The Role of the Professional Nurse in Relation to Sexually Transmitted Infections Introduction
Sexually transmitted infections (STIs) have been described as “a major public health problem in Europe” (Fenton & Lowndes, 2004, p. 255). There is evidence that there is an increasing number of persons infected with STIs in the UK (Fenton & Lowndes, 2004; Cassell et al., 2006), and primary health care and specialist clinics play a significant role in the diagnosis and treatment of these infections (Cassell et al., 2006). STIs pose a significant public health problem not least of all because many of the most common infections have few or no visible symptoms (Weinstock, Berman & Cates, 2004). In addition, if left untreated, STIs such as Chlamydia and gonorrhoea may lead to complications such as pelvic inflammatory disease. This then may create lasting health problems such as pelvic pain and ectopic pregnancy (Silva et al., 2007). The professional nurse plays a significant role in prevention and treatment of STIs. This essay examines the various roles of the nurse in STI prevention and treatment strategies. Role as Educator
There are a number of public health strategies which may be pursued in order to address the current situation with regard to STIs. In particular, it has been identified that proactive public health promotion is likely to be one of the most beneficial tools in addressing the current levels of STIs identified in the UK and the rest of Europe (Fenton & Lowndes, 2004). For example, condom usage has been shown to significantly reduce the risk to both men and women of a number of different STIs including Chlamydia, gonorrhoea, herpes, syphilis and HIV/AIDS (Holmes, Levine & Weaver, 2004). This is therefore one of the most common public health strategies which is pursued, in a number of different locations including schools, GP surgeries, specialist clinics and hospitals. It may be the role of nurses to ensure that patients are aware of appropriate preventative sexual health practices and where they may go to access appropriate services. Lack of knowledge may present a significant barrier to infected patients seeking help for STIs (Malta et al., 2007), which is a further indicator that the role of the nurse in educating patients may be critical. This means that all nurses may have a role in public health promotion for preventing STIs, whether school nurses counselling students, nurses working in GP offices or hospitals, or those specifically employed in sexual health. It may be that nurses work to educate patients who are actively seeking advice related to sexual health issues. For example, nurses working in GUM (genito urinary medicine) clinics and GP surgeries may regularly deal with patients who are specifically seeking advice related to contraception. In this instance it is the role of the nurse to ensure that choices made account for STI prevention as well as unplanned pregnancy. It may also be the responsibility of the nurse to offer this advice even where it is not specifically sought by the patient, where the nurse identifies that there may be a need for such advice. For example, the RCN (Royal College of Nursing) stipulates that a crucial component of nursing is “influencing individuals in such a way that human potential is used for maintaining and promoting health” (RCN, 2003, p. 9). This therefore indicates that the role of educator is something which should be proactively pursued by nurses, offering guidance and support to those where there is identified as being a need for education. This may lead to improvements in sexual health in those who do not recognise that there is a need for such improvements to prevent STIs, thereby overcoming the barrier of a lack of knowledge (Malta et al., 2007). Facilitating Communication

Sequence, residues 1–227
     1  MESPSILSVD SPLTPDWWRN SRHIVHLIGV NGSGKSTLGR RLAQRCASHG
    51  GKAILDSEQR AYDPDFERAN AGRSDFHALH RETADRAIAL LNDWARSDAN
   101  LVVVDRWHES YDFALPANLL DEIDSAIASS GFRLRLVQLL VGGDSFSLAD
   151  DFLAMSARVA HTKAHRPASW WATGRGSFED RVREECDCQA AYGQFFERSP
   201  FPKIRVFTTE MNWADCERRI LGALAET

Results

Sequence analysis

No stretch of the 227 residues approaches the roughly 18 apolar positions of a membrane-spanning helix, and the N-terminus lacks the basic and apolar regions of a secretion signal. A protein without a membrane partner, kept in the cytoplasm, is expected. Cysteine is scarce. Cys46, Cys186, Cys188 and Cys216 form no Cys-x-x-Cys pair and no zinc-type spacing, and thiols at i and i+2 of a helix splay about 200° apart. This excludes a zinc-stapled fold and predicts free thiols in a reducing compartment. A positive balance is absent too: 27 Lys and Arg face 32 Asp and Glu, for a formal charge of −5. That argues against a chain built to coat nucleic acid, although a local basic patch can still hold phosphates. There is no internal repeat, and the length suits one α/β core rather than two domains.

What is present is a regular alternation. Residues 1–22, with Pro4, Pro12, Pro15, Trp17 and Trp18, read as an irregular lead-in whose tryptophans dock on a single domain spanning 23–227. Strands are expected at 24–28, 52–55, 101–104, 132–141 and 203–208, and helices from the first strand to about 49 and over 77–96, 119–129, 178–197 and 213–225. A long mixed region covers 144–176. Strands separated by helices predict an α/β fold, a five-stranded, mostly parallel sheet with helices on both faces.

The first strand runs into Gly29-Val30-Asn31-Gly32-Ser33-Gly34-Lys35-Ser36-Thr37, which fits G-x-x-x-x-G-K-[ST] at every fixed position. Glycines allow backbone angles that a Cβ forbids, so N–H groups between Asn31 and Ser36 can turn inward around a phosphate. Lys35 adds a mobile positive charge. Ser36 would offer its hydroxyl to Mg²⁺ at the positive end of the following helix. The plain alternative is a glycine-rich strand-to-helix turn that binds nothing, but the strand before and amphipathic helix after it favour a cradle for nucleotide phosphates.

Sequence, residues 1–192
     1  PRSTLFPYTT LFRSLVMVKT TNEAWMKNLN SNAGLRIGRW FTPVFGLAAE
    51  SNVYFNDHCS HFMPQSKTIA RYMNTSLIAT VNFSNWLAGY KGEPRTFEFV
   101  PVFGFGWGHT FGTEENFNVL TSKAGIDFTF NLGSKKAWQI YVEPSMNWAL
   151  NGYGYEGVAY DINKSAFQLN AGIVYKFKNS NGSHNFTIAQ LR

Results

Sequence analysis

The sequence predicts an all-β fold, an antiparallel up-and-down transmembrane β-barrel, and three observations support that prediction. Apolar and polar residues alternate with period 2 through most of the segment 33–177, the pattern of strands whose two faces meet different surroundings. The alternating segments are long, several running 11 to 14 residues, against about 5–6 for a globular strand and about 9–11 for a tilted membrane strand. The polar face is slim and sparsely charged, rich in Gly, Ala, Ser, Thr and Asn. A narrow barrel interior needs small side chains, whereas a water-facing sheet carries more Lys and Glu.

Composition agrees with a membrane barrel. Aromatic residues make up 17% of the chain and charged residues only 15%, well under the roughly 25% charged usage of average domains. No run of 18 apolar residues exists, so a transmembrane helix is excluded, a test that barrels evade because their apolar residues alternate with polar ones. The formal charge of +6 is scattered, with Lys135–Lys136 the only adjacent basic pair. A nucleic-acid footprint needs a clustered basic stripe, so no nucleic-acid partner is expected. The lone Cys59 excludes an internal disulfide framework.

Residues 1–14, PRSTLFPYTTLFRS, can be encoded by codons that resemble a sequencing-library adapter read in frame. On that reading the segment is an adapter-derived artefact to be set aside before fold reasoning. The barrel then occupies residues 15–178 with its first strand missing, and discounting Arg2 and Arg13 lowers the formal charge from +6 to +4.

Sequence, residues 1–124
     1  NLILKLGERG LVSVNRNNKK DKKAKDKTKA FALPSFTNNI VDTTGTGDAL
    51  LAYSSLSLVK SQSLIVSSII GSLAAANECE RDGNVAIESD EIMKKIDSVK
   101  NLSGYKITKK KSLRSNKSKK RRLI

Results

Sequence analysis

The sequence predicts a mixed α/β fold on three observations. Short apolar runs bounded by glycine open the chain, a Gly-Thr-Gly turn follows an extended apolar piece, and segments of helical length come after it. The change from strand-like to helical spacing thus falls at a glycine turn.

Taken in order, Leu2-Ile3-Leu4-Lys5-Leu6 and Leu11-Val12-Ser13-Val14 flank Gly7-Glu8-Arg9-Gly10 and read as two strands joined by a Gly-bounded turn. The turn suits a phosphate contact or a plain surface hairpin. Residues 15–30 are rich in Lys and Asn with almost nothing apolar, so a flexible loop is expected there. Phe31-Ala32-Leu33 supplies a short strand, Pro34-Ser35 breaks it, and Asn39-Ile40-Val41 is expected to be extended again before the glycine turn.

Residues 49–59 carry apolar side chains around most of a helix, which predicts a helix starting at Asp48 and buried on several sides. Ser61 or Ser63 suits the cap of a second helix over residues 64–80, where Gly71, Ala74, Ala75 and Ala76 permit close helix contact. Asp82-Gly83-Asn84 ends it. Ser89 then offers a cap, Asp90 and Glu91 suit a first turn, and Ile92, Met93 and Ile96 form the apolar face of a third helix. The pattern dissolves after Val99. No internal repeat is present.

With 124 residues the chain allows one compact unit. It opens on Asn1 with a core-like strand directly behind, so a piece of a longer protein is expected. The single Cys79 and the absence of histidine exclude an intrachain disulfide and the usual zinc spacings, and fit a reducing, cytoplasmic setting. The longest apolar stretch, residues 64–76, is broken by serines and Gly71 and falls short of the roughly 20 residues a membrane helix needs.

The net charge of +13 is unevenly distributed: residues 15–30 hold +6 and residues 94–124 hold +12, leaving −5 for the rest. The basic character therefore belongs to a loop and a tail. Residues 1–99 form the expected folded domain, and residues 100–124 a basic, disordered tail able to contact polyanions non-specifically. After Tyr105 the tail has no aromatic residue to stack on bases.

Offering vaccines such as the newly developed human papillomavirus (HPV) vaccine may also offer an opportunity to improve sexual health and decrease the workload of GUM clinics (Dempsey,...
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